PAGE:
2008-11-04, 17:08 | #1 |
Oct 2008
3^{2} Posts |
CPU Credit Accuracy
I've been doing some calculations, and it appears to me that a "GHz-day" is not always a GHz-day. Let me explain.
I know that complex technical issues are involved between the different types of testing (P-1, ECM, LL, trial factoring), compounded by for example using a Quad-core CPU (as I am) and seeing a slow-down when two memory-intensive tests such as P-1 factoring try to share the same memory. I made sure, prior to making my calculations, that this memory-sharing issue was not a problem, by running only one P-1 test by itself along with trial factoring on the other 3 CPUs. The result is that for a 33-hour calculation (P-1 factoring attempt in the 46M range) I received 2.87858 GHz-days worth of credit, which works out at 2.1GHz-days per 24 hours that the computer is on. For a 2^68 factoring attempt in the 58M range, which is completed in 16640s, I receive 0.51GHz-days' credit, so 2.65GHz-days per 24 hours (per core.) The exact same result (2.65) is found when calculating for 2^66 factoring. Similarly for LL double-checking, I am significantly less than 2.65GHz-days/day credit. That's a big difference: 2.1 vs. 2.65 -- 25% more. For those who are going after credits, what motivation is there to do P-1 factoring when you get 25% more credit for simple trial factoring? I know this is a complicated subject, involving instruction timings, memory conflicts, processor types etc. etc. But what is a "GHz-day" anyway? I can't seem to locate a concrete definition. How is it obtained? By timing calculations on a specific machine (hopefully not a P90!)? By precisely adding up assembler instruction timings for Intel and AMD CPUs? By counting the number of floating-point operations required for a specific calculation? A rough guesstimate? Whatever it is, my machine seems to churn out either 8 or 10 GHz-days per day, depending on whether it is doing P-1 factoring or trial factoring... and that's a BIG difference. LL comes out somewhere in between. I could understand if the CPU credits were just a 'bit' off, say 2.6 vs. 2.63, but 2.10 vs. 2.65? Can anything be done to fix these differences and motivate me to do more P-1 and LL testing? I know that 'credits' are not the aim of this project but, just like any competition, it does keep people interested and it does keep CPUs switched on longer and in greater numbers. Another interesting thing is that I get less credit (2.41GHz-days/day) for factoring to 2^64 compared to 2^65/66/67/68/69 (2.65GHz-days/day). This may be explained by the fact that my machine takes 71.7s per 10000 iterations of 2^64 testing compared to 64.9s on 2^65 factoring and above. But why does it take LONGER to divide by 64 bits than 65+ bits??! If the 65+-bit algorithm is faster than the 64-bit algorithm, then perhaps it should be used all the time? For now, my (perhaps ill-informed) advice to those wishing to maximize their PrimeNet rank is to stick to trial factoring above 2^64! |
2008-11-04, 20:26 | #2 |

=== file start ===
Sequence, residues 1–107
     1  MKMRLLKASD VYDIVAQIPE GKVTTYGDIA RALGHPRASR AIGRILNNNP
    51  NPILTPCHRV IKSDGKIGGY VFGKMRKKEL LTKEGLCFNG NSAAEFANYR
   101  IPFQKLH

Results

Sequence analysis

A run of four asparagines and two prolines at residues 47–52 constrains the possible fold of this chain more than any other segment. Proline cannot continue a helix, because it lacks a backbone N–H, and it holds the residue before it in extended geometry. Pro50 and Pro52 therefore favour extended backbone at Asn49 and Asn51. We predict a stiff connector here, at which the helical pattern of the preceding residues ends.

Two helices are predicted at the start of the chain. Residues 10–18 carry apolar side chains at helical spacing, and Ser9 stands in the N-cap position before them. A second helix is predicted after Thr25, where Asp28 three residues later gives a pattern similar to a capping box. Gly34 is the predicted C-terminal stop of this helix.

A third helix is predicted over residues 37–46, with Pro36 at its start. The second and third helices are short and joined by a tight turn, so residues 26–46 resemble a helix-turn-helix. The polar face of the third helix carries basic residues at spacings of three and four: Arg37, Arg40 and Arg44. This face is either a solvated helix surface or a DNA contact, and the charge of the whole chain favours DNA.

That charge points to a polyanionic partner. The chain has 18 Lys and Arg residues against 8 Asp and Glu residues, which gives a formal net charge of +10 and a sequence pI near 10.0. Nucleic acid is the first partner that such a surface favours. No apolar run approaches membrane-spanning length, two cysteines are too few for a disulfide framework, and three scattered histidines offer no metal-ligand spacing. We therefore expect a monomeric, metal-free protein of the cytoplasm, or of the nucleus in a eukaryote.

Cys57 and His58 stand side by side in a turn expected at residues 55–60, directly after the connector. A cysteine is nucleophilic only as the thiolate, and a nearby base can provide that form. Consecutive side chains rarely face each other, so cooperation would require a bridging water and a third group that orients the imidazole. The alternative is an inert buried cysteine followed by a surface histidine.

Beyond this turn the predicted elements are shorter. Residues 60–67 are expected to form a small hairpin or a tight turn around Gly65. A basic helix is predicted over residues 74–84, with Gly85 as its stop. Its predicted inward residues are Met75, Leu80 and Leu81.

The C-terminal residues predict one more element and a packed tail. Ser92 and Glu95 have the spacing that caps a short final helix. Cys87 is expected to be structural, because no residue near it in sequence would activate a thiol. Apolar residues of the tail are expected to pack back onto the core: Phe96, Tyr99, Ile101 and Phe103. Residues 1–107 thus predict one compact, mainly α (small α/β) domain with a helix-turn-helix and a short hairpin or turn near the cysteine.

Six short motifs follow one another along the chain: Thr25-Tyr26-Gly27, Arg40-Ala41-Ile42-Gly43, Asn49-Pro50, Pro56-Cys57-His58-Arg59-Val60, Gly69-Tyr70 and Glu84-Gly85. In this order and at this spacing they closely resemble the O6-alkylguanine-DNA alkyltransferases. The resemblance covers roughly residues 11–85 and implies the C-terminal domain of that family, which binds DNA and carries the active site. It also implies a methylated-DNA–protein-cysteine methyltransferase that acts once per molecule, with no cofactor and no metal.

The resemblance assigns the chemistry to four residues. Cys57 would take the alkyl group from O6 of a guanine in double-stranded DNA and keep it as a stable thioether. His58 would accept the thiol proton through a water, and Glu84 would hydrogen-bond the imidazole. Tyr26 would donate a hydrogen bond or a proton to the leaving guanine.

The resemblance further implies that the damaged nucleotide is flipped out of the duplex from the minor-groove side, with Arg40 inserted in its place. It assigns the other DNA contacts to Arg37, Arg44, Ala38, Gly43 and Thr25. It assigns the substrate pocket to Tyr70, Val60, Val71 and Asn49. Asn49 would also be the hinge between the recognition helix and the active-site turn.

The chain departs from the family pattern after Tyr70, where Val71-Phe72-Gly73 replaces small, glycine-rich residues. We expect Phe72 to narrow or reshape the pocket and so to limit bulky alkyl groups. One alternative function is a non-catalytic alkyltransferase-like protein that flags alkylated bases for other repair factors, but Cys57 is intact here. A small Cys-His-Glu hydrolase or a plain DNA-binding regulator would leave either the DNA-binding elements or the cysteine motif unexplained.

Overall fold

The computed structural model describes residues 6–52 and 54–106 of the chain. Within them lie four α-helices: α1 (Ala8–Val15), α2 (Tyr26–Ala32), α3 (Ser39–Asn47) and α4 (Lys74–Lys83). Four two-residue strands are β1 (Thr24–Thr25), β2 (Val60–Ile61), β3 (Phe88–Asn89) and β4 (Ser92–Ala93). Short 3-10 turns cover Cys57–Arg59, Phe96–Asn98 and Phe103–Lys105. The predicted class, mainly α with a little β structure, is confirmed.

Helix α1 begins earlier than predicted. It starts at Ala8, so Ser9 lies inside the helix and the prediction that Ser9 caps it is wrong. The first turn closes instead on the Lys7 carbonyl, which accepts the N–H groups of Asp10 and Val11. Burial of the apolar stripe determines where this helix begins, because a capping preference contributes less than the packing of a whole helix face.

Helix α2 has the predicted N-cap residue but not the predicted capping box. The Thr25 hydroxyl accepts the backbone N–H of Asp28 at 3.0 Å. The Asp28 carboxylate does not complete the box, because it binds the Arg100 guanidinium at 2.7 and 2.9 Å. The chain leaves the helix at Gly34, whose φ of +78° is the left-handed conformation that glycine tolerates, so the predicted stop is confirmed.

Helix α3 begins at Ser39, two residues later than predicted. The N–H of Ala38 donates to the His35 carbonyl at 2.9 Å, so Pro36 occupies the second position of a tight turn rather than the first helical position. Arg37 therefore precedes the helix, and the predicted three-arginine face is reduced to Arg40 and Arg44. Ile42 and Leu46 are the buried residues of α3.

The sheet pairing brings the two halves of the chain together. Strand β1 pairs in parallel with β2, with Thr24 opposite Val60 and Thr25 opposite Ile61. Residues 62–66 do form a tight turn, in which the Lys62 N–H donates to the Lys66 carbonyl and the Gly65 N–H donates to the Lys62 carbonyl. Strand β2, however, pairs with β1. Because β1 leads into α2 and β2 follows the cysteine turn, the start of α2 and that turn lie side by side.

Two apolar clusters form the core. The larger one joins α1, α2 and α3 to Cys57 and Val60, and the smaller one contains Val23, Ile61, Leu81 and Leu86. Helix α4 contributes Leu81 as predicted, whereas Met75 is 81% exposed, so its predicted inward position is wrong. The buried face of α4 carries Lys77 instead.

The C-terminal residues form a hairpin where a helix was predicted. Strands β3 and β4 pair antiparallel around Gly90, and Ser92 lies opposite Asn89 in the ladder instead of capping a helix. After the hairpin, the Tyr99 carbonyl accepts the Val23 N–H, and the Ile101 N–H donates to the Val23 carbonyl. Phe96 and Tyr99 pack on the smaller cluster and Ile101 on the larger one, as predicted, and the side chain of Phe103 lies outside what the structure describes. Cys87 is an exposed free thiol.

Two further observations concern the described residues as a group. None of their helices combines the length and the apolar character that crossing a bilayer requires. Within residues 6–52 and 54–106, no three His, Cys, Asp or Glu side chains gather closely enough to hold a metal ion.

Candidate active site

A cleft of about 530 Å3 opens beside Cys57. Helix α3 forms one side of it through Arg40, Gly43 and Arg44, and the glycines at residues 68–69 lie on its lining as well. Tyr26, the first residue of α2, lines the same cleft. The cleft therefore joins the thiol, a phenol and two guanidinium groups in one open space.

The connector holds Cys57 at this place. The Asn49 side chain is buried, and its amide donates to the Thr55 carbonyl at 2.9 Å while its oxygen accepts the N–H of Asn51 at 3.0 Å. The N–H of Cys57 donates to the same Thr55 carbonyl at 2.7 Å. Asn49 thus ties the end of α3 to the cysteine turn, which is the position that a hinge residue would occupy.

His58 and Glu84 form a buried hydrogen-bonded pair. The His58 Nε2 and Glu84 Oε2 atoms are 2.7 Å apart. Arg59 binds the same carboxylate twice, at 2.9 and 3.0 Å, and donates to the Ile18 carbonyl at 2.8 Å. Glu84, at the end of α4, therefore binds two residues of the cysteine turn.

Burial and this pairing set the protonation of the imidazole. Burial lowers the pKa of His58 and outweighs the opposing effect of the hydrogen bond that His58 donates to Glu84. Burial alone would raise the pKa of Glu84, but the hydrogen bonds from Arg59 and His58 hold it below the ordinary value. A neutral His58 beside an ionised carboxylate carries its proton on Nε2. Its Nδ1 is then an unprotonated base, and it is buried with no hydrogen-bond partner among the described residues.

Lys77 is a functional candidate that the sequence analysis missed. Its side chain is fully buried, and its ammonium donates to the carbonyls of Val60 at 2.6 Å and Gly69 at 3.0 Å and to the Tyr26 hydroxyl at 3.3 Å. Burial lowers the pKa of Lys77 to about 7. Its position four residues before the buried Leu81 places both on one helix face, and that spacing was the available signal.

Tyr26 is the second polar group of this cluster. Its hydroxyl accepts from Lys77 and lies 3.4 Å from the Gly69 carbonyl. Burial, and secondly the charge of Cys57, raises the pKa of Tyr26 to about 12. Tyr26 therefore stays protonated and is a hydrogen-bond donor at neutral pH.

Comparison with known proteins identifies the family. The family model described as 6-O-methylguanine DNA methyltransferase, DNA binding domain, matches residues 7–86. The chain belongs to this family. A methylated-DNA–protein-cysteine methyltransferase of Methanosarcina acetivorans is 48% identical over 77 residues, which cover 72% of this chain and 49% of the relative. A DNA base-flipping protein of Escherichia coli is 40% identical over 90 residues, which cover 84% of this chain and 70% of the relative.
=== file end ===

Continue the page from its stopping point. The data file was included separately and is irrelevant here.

"Jacob"
Sep 2006
Brussels, Belgium
2×929 Posts |
P-1 factoring used to get one only 0,001 P90 CPU year credit when no factor was found (something like 0,005 GHz Days.) Only when a factor was found did one get some real credit (the credit corresponding to finding a factor by trial factoring at the highest level the exponent was factored, f.i. an exponent unsuccessfully trial factored to 68 bits would earn about 2,3 times the 68 bits credit. An example : finding an 84 bits factor by P-1 for a 42,8M exponent earned 0,262 P90Y or 1,33 GHz day. Finding a 68 bits factor by trial factoring would earn the same credit.)
Now P-1 and TF earn more or less the same credit whether a factor was found or not. It is much more realistic : the CPU time spent is the same. The fact that on YOUR machine TF above 63 bits is more profitable is one thing, on another machine P-1 might be the most credit worthy task, on another one it will be factoring to 63 bits... This is why, in another thread, I proposed to calculate credit based on the mathematical complexity alone, independently of the hardware implementation. But with such a system the differences you pointed out might be bigger because the system would have nothing to do with the computational complexity that depends on the hardware implementation of mathematical functions. A credit system will always be arbitrary, the current system is : - an enormous improvement regarding P-1 credit when no factor is found (at least 250 times more credit earned), - a big improvement regarding unsuccessful trial factoring (I do not remember the calculations I made but something like 1,5 more credit to be earned), - on your machine a loss of credit on LL testing (I do not have reliable numbers for my machines yet, but the loss on my Core2 architecture CPU is less than 10 % versus TF), -a loss by a factor of 2 for a factor found (the multiplying factor for factor found used to be 2,3), over the previous one. There are already some issues due to the forced transition from PrimeNet V4 to V5 and Prime95 v24 to v25 to fill up the "free" time of the volunteers running this project. Should the credit system be changed once more on top of that ? Jacob |
Thread Tools | |
Similar Threads | ||||
Thread | Thread Starter | Forum | Replies | Last Post |
Accuracy and Precision | davieddy | Math | 0 | 2011-03-14 22:54 |
computer accuracy | lfm | Puzzles | 34 | 2009-11-10 15:41 |
Verify Accuracy of Test | Numbers | PrimeNet | 8 | 2005-07-31 08:16 |
Calculating sieving % accuracy | amcfarlane | Math | 3 | 2005-01-02 19:34 |
Accuracy of our work [k*2^n-1, k<300] | Kosmaj | 15k Search | 87 | 2004-11-13 09:35 |